Room to Create

June 17, 2022





If you were asked to imagine the perfect environment for a STEM classroom, would you picture gleaming, large tables, rows of shelves for storage and neatly labeled materials?

While these things ARE very important, and we actually address them in another blog, we at Get Caught Engineering® feel that a STEM classroom is much more than organization and layout. The ideal STEM environment is more about surrounding the students with inspiration. This can be in the form of posters to validate the need for perseverance as well as inspire, as well as objects and decor used in new and different ways that may spark an idea, and pictures and books about inventions and how they work.

Hardware Store Décor

A favorite place for us to shop for organizational and decorative items for the new school year is our local hardware store. Some of our favorite ideas for using these items in your classroom are:

  • Secure peg board to your walls and attach small bins and baskets to hold materials of all types. Tape, scissors, and other tools can be suspended using hooks. Not only is everything organized but your students can see many supplies at a glance and possibly find that perfect item they need for their prototype.
  • Rain gutters make great places to display books and hold clipboards, file folders and charts.
  • Don’t overlook the many sized buckets that hardware stores sell. They are portable and great for storing just about anything. Bucket jockeys fit around the outside of the bucket and can hold the markers, scissors, tape and other tools, while the supplies for a project are inside of the bucket.
  • Large brackets can be secured to walls and informational charts can be suspended from them.
  • Lengths of chain can suspend items from the ceiling or be draped along the wall. Use clothes pins to hold student sketches or pictures of pulleys, bridges or planes – whatever the students will be working on.

Information Please

Early in a STEM program it is important to equip your students with the skills they need to build prototypes. We always take the time at the beginning of the year to teach and practice the Engineering Design Process. This is their main problem-solving structure they will use all year. Be sure to have a poster illustrating this, as well as explanations for each step. It should be placed in a prominent spot for easy access.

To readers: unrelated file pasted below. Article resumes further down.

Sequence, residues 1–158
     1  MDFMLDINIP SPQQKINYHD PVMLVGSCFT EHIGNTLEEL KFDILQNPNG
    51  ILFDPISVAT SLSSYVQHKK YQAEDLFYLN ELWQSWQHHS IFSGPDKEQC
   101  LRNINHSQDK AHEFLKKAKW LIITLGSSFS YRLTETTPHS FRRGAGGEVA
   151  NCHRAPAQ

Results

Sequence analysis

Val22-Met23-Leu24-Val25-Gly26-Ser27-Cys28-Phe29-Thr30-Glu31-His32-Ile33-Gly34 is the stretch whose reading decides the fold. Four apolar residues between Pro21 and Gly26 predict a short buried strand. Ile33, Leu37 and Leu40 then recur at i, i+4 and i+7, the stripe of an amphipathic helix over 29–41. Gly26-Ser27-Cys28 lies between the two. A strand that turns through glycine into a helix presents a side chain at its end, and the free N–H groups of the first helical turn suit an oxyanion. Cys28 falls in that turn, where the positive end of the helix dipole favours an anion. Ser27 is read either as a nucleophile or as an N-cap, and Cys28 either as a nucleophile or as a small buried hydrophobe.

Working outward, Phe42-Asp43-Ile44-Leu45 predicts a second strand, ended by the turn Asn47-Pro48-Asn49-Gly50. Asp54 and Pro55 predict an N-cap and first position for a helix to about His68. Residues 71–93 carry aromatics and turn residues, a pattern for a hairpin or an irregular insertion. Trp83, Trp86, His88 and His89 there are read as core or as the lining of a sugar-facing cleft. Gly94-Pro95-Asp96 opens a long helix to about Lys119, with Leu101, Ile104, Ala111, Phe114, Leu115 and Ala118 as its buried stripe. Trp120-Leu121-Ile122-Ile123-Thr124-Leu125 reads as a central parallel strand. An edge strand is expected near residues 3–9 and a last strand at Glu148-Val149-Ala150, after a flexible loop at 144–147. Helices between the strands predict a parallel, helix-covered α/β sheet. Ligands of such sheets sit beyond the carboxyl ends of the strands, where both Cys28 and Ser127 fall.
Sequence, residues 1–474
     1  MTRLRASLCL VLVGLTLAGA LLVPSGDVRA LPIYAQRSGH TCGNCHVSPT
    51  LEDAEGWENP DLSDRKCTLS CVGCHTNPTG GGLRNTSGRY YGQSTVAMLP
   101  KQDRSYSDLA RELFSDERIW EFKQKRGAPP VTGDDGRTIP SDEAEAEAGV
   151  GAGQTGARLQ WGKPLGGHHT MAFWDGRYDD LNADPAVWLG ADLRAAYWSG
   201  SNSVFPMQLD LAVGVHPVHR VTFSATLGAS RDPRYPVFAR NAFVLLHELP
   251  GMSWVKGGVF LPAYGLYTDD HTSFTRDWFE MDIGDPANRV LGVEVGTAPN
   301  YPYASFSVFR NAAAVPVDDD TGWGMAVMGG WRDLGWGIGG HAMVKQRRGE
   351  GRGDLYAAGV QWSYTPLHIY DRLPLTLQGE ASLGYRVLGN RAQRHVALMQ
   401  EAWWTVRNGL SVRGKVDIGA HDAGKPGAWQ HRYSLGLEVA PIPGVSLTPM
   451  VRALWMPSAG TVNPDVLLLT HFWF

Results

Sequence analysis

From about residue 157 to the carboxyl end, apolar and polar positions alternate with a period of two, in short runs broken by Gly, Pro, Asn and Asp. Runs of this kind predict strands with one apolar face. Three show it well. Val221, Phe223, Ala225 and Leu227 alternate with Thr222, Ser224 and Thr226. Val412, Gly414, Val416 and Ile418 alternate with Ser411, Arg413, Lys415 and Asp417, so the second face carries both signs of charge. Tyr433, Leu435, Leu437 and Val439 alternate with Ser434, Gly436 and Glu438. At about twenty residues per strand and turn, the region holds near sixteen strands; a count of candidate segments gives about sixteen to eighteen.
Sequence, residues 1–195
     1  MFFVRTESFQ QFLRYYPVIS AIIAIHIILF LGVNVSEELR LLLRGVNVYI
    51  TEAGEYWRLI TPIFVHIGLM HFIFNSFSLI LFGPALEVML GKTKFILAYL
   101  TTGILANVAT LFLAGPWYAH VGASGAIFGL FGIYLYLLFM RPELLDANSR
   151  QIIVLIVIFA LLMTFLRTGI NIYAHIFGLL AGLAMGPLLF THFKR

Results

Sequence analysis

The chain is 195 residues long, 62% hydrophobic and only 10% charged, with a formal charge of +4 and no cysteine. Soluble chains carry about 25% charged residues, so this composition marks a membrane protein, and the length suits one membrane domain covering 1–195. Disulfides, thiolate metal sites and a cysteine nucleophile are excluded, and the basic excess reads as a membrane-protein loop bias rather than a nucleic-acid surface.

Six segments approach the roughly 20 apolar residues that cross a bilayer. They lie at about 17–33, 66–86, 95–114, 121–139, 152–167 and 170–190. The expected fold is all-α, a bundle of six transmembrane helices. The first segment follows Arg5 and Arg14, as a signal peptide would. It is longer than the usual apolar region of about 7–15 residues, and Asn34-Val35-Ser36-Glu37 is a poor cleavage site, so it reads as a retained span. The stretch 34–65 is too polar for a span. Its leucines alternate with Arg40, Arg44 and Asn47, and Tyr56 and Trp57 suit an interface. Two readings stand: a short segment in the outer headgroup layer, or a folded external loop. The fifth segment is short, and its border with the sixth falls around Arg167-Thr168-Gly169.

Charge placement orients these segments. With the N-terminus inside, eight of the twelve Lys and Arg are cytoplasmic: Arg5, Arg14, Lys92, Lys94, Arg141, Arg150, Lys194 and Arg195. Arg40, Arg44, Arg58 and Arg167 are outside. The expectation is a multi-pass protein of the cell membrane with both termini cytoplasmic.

Talking about the materials made available, as well as different ways to use them should be a year-long activity. Teaching your students how to attach paper and other objects to each other as they build a prototype is also a must. Once you’ve taught them these basics, be sure to include posters that show:

Basic folds for paper engineering pic

Examples of different ways to attach objects to each other pic

Words to Inspire

A STEM classroom is definitely a place where students struggle with meaty problems. It is also a place where they regularly fail on their way to the solution. It is easy to get discouraged!

We love to surround our students with pictures and posters of people who have had to persevere in order to succeed. Although there are literally thousands of places to purchase these posters, the companies below offer free posters for your classroom:


Getting our classroom ready for each new school year filled us with excitement. What we put on our walls and bulletin boards were more than just decorations. Rather they set the tone for our year and created an environment that would nurture our students’ creativity and learning all year.

Wendy And Cheryl

What They Say


Wendy came to Bellevue Arts Museum to co-lead our Full STEAM Ahead! Summer Camp in August 2014. This camp was a huge success thanks to her expertise, experience, and warmth working with the campers throughout the week…

Educational Outreach Director, The Bellevue Art Museum, Bellevue, Washington